TRAMWAY bosses have been slammed as "exceptionally dishonest" after controversial toilet provision in the South Side venue was altered to accommodate a religious event.

Last month the arts venue came under fire for claiming there was "no evidence" new unisex toilets had caused problems despite police being called after an incident in the loos.

An Equality Impact Assessment (EQIA), carried out a year after the change was made, had been criticised by women's groups for saying the change would not have a negative effect.

In particular, the EQIA said the change would not impact religious groups because single sex toilets remained on the top floor of Tramway.

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However, toilet provision was returned entirely to single sex during last weekend's Sufi Festival, prompting further charges the EQIA was incomplete.

Susan Smith, of campaign group, said: "This underlines how partial and incomplete the Glasgow Life EQIA was as it failed to identify that religious groups were clearly likely to take issue with this policy.

"It is also exceptionally dishonest of Tramway to make exceptions for some protected categories but remain resistant to the concerns from others."

Last year Tramway turned its ground-floor male and female toilets into mixed gender bathrooms by changing signage to "cubicles" and "cubicles and urinals".

This prompted complaints that the former women's toilets were now open to everyone while the men's toilets would continue to be used only by men.

It was suggested that women and parents with young children would not want to use a space with a urinals.

Venue bosses have stressed that Tramway, run by Glasgow Life, provides four accessible toilets, in addition to two sets of female, two sets of male and two gender neutral toilets.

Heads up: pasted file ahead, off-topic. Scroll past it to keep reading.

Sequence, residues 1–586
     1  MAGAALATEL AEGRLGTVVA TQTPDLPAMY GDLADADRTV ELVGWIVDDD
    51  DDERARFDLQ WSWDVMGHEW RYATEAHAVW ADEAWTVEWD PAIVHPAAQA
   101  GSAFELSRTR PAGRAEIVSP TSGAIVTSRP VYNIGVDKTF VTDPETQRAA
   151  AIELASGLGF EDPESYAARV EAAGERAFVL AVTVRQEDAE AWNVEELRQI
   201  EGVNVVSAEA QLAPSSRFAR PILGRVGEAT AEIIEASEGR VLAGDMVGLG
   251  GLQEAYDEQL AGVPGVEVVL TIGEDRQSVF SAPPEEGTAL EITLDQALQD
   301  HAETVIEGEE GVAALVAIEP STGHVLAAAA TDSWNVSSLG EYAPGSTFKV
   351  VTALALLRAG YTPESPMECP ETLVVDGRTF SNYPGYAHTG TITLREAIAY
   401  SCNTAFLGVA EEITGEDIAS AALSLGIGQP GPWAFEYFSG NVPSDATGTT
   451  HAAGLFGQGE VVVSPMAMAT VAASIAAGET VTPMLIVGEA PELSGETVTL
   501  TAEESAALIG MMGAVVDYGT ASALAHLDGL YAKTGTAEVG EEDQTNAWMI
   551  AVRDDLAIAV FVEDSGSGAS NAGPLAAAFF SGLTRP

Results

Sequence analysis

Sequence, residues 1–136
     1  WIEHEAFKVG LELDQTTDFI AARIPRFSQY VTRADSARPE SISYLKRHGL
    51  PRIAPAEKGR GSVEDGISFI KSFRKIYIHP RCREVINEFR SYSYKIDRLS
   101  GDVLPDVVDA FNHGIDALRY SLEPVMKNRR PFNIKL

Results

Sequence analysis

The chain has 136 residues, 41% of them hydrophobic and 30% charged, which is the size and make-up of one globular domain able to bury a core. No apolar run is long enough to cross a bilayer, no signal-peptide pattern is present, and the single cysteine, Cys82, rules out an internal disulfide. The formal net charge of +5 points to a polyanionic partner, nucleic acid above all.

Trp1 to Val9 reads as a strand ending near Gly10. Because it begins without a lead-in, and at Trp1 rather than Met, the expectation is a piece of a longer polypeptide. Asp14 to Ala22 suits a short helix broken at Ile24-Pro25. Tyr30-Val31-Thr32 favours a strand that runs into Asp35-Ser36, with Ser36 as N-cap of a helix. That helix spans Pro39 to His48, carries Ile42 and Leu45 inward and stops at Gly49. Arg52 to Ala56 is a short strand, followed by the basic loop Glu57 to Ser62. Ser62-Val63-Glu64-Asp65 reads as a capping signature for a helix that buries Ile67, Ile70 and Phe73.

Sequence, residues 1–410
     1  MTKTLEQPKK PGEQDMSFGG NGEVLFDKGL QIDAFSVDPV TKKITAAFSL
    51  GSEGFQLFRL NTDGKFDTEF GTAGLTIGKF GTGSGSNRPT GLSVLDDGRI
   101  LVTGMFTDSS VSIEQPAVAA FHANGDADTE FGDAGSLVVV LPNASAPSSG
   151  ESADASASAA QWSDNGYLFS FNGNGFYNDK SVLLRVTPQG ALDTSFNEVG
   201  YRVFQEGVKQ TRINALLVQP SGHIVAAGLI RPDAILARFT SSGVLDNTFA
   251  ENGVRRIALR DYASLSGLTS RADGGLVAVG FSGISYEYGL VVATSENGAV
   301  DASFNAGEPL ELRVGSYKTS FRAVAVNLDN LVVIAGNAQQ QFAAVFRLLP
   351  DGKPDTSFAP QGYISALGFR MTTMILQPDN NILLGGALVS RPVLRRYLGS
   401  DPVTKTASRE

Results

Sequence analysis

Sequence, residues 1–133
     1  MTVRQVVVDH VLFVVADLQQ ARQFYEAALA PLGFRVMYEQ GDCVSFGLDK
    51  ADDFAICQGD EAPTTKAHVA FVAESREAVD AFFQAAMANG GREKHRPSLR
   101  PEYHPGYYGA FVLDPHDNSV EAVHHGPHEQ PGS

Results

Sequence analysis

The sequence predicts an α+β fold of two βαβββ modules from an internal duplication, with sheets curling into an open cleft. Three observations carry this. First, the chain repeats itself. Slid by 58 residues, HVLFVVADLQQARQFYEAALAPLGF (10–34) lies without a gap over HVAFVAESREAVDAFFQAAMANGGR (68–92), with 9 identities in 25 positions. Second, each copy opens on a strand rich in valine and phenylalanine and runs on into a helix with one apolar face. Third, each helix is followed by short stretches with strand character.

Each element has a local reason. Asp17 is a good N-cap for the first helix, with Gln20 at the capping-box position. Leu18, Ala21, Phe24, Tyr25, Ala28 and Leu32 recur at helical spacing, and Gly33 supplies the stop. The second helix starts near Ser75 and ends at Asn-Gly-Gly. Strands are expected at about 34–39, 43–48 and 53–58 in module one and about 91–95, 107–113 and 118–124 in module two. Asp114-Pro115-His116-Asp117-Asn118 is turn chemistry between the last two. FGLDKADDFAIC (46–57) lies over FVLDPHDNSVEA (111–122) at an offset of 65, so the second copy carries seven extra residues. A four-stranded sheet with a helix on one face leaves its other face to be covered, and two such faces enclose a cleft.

Following complaints, signage was also updated to make it easier to understand.

The EQIA concluded there was "little or no evidence" the move would have a negative effect but did not mention the police callout to reports of a man behaving in a sexually threatening way in the cubicles only toilets.

A spokesman for the Sufi Festival said organisers had asked for the toilets to be returned to their previous configuration and were very pleased with how accommodating the venue had been to its needs.

He said: "In terms of having the toilets changed back, it was to suit the audience.

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"They were confusing for people attending. We have a very diverse audience, including some who will not have English as a first language, and we thought the signs might create some confusion.

"We wanted to avoid any possibly embarrassing or unsuitable moments for visitors, especially as it is important for us to encourage the community to attend.

"We are delighted about how amenable Tramway were to our requests.

"They worked hard with us to ensure that the event benefitted everyone who came along."

Glasgow Life said feedback surveys were available to customers at the end of 2018, with the returns showing overwhelming support for the change.

Of 189 returned surveys, 178 agreed with the mixed sex provision and 19 written formal complaints were made.

With 107,531 visitors to Tramway during the survey, the returns represent 0.18 per cent of visitors.

A spokesman for Glasgow Life said: “The toilet provision at Tramway was temporarily realigned at the request of event organisers.

“We often work with those hiring our venue to accommodate their requirements.”